Back in the 1950s, 1960s and even through the 1980s American car makers created show cars that supposedly pointed to new directions in automobile style. One popular term for such a "concept car" (a term used a lot nowadays) was "car of the future."
But things changed for a while around 2000. Several concept cars appeared that were Retro, pointing to the past rather than the future. Those show cars weren't strictly old-fashioned; rather, they were modern aside from styling cues borrowed from designs from decades earlier.
Why did this happen? In part, Retro was fashionable -- in production were such designs as the Volkswagen New Beetle and the Audi TT sports car. Soon to appear were a Ford Thunderbird with styling cues based on the 1956 T-bird and the Chrysler PT Cruiser that hearkened to hot rods based on mid-1930s sedans.
Another factor might have been that the US auto industry was doing well enough that companies could afford to create a few show cars that diverged from the usual practice of presenting features planned or considered for production in the next few years.
Here are some of those Retro cars of the future:
Only three Atlantiques were ever built, but the design is considered by many as one of the high points of Bugatti style. The Chrysler version pulls the body elements into a more integrated package, the strongest holdover from the 57SC being the shape of the side windows. The overall effect strikes me as being aggressively fussy, but nevertheless likeable.
The Chronos is inspired by early 1950s Chrysler show cars designed by Virgil Exner. It comes closest to the D'Elegance: note the grille, the side window cutout pattern and the treatment of the rear fender and its extension forward along the side. The D'Elegance also served as inspiration for the Volkswagen Karmann-Ghia sporty car produced from the late 1950s into the 1970s. A significant difference for the Chronos is that it's a 4-door sedan rather than a 2-door coupe.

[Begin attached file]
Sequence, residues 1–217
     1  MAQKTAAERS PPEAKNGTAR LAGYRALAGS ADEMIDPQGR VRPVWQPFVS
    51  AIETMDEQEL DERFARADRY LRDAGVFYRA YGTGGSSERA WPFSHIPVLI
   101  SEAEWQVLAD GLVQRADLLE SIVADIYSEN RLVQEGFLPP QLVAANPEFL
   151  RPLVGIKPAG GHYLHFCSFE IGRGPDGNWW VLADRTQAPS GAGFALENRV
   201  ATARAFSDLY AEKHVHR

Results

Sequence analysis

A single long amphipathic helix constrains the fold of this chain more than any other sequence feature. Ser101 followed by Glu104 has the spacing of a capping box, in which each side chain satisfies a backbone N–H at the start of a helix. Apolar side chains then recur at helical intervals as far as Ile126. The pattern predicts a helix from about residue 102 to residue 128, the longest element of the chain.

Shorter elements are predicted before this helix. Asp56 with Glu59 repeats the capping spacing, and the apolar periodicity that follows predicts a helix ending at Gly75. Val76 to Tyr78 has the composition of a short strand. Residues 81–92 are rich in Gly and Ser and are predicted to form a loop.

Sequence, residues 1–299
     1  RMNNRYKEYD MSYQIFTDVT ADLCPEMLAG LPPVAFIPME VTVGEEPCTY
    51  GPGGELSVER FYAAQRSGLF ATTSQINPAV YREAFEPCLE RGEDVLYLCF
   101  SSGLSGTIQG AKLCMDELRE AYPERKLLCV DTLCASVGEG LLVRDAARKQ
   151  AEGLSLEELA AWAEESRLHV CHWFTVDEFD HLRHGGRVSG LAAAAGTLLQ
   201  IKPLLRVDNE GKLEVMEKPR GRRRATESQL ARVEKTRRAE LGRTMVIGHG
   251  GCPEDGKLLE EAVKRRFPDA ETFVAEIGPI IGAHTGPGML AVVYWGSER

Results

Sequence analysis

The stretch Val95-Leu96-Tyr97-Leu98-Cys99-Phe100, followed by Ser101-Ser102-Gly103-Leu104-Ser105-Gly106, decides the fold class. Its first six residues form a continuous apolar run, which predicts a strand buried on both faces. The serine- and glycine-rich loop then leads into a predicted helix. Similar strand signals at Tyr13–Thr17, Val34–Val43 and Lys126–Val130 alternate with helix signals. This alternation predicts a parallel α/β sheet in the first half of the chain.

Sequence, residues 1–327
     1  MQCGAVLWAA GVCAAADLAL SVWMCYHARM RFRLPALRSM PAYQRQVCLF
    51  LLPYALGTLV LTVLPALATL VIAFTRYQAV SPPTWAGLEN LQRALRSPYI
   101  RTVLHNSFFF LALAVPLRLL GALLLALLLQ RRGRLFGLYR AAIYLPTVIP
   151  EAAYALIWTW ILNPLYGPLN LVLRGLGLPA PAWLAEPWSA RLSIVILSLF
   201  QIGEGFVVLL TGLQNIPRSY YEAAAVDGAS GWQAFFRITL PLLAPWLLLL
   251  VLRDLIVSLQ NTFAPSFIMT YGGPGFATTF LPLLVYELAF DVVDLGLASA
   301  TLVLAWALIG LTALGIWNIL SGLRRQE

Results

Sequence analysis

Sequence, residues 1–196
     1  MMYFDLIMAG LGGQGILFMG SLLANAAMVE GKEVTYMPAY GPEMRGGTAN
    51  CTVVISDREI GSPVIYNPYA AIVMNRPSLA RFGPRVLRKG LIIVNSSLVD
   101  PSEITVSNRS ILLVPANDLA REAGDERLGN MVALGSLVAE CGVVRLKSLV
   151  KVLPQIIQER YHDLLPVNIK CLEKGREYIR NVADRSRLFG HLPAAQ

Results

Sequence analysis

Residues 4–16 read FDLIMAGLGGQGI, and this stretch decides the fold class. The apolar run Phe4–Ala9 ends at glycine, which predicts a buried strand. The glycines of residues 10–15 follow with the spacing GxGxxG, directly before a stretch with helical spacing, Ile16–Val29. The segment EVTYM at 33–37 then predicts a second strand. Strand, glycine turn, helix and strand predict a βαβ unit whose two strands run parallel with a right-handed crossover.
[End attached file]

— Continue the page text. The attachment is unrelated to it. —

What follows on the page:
I'm not sure what J Mays and his styling crew were thinking when they came up with the Forty Nine. That is, it's not clear to me if they had some sort of future production model in mind at the time; if they did, nothing seems to have come of it. The Forty Nine is rather bland, but so was the 1949 Ford. If I were in charge of the Forty Nine project, I would have insisted on putting a 1949-style spinner on the front, because that's what defines the original in my mind.
From what I read, GM styling supremo Harley Earl was disappointed in some of the visually weak grilles appearing on GM cars at the end of the 1930s. Surely the 1939 Buick front end was one of the weakest. So I'm wondering why the Blackhawk styling team selected that grille for their concept car. My best guess is that they thought it blended well with the body shaping. And they were probably right, though the addition of a front bumper would likely have diminished the grille's visual strength.